Getting enough iron is key to performing at our best, ensuring we’re high in energy, thinking clearly and fighting off the winter bugs.
There are two types of iron in our food: haem and non-haem. Haem iron is the most readily absorbed and it’s found in animal foods. For meat and poultry, an easy guide is the redder the meat, the more iron it has, so venison has more iron than lamb, and chicken thigh has more iron than breast meat. Mussels, paua and pipi are also excellent sources of iron.
Non-haem iron is found in a variety of plant foods, such as dark leafy greens, nuts, seeds, tofu, peas, legumes and wholegrain breads. This iron is much less readily absorbed, but this can be improved by eating vitamin C-rich foods at the same meal (see Shopping for vitamin C), and not having tea (including herbal teas), coffee or cocoa straight after a meal.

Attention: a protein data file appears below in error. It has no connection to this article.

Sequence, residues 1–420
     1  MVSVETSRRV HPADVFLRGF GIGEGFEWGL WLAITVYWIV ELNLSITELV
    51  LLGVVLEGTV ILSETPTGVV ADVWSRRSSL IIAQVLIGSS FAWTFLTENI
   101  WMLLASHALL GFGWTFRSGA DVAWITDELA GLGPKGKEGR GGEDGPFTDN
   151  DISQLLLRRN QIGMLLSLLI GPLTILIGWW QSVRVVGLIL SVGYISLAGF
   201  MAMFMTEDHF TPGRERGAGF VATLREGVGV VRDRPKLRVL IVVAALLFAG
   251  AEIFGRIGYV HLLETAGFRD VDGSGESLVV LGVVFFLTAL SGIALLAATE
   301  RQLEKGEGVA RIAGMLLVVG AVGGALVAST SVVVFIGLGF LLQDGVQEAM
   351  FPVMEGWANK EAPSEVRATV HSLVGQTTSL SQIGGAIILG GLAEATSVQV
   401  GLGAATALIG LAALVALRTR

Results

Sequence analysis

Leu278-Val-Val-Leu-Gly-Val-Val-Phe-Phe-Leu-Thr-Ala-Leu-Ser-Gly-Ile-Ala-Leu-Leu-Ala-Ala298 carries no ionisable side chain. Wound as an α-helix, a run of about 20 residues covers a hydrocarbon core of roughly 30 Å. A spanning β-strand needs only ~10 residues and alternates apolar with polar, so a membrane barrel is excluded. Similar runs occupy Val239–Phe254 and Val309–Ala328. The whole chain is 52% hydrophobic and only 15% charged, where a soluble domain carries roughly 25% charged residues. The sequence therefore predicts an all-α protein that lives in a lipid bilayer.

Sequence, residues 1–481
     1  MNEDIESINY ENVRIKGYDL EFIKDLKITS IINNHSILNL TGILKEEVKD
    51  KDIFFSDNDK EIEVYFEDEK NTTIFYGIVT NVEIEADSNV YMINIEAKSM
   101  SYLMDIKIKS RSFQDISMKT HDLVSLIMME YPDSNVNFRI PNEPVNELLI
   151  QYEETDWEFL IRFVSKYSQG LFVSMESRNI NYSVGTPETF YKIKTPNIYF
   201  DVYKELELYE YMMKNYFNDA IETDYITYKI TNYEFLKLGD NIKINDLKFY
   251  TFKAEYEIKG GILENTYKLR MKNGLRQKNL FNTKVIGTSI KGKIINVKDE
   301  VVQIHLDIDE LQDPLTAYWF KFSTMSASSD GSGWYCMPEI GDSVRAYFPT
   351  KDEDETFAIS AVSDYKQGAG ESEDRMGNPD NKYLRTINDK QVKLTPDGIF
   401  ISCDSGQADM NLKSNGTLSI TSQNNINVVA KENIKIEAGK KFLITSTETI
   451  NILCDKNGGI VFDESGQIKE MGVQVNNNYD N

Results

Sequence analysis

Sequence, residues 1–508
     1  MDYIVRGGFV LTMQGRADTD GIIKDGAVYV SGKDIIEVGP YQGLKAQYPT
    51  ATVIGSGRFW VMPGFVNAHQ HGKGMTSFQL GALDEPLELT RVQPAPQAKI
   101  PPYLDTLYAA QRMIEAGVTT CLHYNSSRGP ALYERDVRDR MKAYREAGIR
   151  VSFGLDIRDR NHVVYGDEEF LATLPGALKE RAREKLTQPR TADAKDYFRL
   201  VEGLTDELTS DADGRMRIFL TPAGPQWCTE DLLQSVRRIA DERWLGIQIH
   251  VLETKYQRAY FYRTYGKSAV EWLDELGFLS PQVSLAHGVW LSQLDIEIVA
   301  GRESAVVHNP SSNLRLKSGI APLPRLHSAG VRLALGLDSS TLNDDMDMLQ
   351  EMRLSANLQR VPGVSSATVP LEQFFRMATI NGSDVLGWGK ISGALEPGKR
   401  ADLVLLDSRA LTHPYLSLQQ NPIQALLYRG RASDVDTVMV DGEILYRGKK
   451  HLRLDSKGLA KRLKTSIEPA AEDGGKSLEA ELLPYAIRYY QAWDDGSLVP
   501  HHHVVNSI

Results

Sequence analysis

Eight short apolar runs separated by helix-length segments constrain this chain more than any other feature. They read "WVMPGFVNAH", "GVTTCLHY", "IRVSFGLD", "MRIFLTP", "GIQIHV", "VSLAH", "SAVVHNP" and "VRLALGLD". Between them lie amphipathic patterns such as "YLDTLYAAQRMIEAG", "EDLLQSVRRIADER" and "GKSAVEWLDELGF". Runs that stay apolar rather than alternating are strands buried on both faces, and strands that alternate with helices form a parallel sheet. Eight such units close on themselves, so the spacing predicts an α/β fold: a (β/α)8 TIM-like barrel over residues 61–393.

For adult women not having periods, and for men, the daily recommended dietary intake (RDI) for iron is 8mg; for women having periods it’s 18mg; and for pregnant women it’s 27mg. Toddlers actually have higher needs than men: infants need 7mg a day from around six months of age, and toddlers 9mg a day.
- Nearly one in five women aged 31—50 may be iron-deficient.
- Liver is a rich source of iron, but it’s also very high in vitamin A so small amounts are advised. For pregnant women, up to 100g a week is fine. To boost a toddler’s iron, cook and freeze a liver, then grate 1/2—1 teaspoon at a time into puréed vegetables or scrambled eggs.
Where to find iron